What is David Davis’s job? The simple answer is he’s the Secretary of State for Exiting the European Union. The more accurate answer is that Davis’s job, at least when he was first appointed, was to bolster Theresa May’s credentials among Conservative MPs as a guarantor of the referendum result. He owes his elevation to the fact that he is part of a small group – which includes Chris Grayling, another minister struggling to master his departmental brief – of Conservative politicians who backed Theresa May’s leadership ambitions from an early stage and are long-term supporters of the Brexit cause.
Davis’s appointment and continuation in office sums up the Mayite problem with the Brexit negotiations: the priority isn’t finessing the United Kingdom’s exit on the best possible terms, but keeping the Conservative Party intact and united enough to make a decent fist of the next election. As a consequence, Downing Street’s red lines for Brexit have no relation to either the desired shape of the British economy after we leave the EU or what is acceptable to the remaining EU27. Instead, they are about somehow finding a way to unite all Conservative MPs.
In truth, anything that unites the Conservative Party would not satisfy the UK’s negotiating partners. The trade-off is simple: either a low level of access to European markets and a high level of regulatory freedom, or a high level of access and a low level of regulatory freedom. But neither option can unite the Tories, which is why May’s troubled government instead shuttles between a series of fantasies.
May is right, however, to think that only a Brexit deal that unites all 317 Conservative MPs and the ten DUP MPs who keep her in office can pass the House of Commons. The SNP, Liberal Democrats, Plaid Cymru and the sole Green MP, Caroline Lucas, have already resolved to vote against any deal that takes the UK out of the single market. The trouble is that because May can’t unite her MPs, she faces parliamentary defeat on 12 June, when the EU Withdrawal Bill returns to the Commons from the Lords, where it has been heavily amended.
May’s difficulty is that unlike prime ministers past, she can’t bully rebels into line with the threat of a general election. The Fixed Term Parliaments Act took that power out of the hands of the prime minister and put it into those of MPs. That’s not without its upside for Downing Street, as David Cameron showed in 2013 when he was defeated on whether or not the UK should intervene in the Syrian civil war, an outcome that once might have forced an early election. Instead, Cameron carried on as if nothing out of the ordinary had happened.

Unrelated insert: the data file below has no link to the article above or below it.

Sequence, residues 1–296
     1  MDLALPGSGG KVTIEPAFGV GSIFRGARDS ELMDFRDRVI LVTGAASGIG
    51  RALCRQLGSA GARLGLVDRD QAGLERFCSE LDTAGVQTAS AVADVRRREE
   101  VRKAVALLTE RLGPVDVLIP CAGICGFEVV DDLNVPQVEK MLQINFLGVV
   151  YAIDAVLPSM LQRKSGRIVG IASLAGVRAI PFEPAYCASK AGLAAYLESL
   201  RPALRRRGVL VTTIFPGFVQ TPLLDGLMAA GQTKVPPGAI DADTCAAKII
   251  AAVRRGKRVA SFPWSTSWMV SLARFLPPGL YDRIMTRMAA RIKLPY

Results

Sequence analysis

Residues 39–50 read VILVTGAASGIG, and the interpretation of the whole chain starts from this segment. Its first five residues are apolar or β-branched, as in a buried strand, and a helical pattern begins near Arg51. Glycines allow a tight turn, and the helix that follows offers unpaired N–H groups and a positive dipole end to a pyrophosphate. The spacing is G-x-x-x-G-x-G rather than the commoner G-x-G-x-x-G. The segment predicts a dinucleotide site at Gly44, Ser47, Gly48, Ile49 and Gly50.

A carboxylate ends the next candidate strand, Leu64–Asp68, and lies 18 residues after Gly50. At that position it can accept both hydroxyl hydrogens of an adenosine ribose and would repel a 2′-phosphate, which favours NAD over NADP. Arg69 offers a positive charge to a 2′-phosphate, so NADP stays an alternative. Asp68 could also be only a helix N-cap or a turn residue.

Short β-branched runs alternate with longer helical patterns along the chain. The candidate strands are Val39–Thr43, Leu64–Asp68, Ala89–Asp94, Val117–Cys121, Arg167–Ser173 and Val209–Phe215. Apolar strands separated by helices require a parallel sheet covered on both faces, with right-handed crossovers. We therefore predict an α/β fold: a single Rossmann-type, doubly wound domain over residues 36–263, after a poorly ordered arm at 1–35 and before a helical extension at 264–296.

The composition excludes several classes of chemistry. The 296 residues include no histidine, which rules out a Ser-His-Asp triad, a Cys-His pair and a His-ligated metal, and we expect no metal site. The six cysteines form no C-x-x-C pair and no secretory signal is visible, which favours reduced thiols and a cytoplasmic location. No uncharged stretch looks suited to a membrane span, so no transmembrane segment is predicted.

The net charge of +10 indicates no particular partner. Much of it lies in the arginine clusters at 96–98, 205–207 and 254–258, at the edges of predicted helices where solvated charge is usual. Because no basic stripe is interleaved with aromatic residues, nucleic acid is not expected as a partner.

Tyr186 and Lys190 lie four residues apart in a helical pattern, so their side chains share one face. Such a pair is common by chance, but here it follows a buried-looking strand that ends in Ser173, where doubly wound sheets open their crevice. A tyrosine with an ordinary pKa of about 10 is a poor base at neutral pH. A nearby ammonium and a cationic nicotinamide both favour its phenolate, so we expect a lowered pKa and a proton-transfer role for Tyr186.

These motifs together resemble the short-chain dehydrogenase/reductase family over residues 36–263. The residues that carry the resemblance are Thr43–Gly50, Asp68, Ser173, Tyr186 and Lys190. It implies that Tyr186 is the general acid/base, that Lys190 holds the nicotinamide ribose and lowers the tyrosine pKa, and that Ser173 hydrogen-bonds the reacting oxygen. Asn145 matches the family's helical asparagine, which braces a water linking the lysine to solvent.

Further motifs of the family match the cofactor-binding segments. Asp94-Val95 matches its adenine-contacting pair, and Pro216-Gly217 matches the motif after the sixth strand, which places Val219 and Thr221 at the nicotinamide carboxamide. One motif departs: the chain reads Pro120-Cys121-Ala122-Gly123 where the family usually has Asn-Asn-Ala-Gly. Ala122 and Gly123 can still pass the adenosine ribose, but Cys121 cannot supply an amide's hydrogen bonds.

This all means that Conservative Remainers know they can vote against Theresa May’s Brexit strategy on a Tuesday and then, if need be, vote to sustain her in office on a Wednesday. Although a powerful prime minister can, when the going is good, ask and receive an early election from MPs, as Theresa May did in April last year, a weak prime minister can’t force her backbenchers into one. In any case, there is little reason to believe a fresh election would produce a House of Commons much different from its current composition.
As for the Labour Party, it has less a Brexit strategy than an objective: to defeat the Conservatives in parliament and to trigger an election as soon as possible. Jeremy Corbyn and many of his key advisers are longstanding Eurosceptics but they know how to count, which means they are fully aware that their only realistic prospect of defeating the government is over Brexit. That has already compelled Labour to support staying within a customs union, and that same logic will likely mean the party will find an excuse to vote against whatever deal Theresa May cobbles together. Ideologically, Corbyn is sympathetic towards Brexit and intellectually he is clear that the referendum result must be honoured. John Smith, Labour leader from 1992 until his death in 1994, was an ideological supporter of the Maastricht Treaty but still found a reason to vote against it to create difficulties for John Major’s government.
Labour’s attitude to Brexit recalls the old saw about not knowing much about art but knowing what you like: Labour doesn’t know much about Brexit but it knows what it dislikes. Which means that Corbyn can unite the party’s divided MPs on voting against things: against the government’s attempt to conduct the Brexit negotiations without reference to the House of Commons; against the single market; and against the final deal. The second you start to ask Labour MPs what they want instead of the government’s proposals, however, the cracks begin to show.
Much ink has been spilt about Corbyn’s Euroscepticism, and it’s true that his leadership does keep a large chunk of Labour MPs from voting in a pro-European fashion. But another large chunk of Labour MPs are voting with the Corbyn line not because of the party whip but because it fits their own principles. Pro-Leave Labour MPs Caroline Flint, John Mann or John Spellar don’t have the same media profile as Chuka Umunna, Alison McGovern or Owen Smith, who advocate a soft Brexit or none at all, but they do have the same ability to vote in the Commons. Labour can agree to block the Conservatives, but it can’t easily agree an alternative way forward.
And that’s why May’s problems are unlikely to go away and are highly likely to get worse: her Brexit proposals do not pass muster with the rest of the EU and will struggle to get through the House of Commons. But any alternative proposals will also struggle to pass parliament as it is presently constituted while an early election, as well as being outside May’s control, is unlikely to break the deadlock, and could indeed deepen it.
This article appears in the 06 Jun 2018 issue of the New Statesman, The Nuclear Family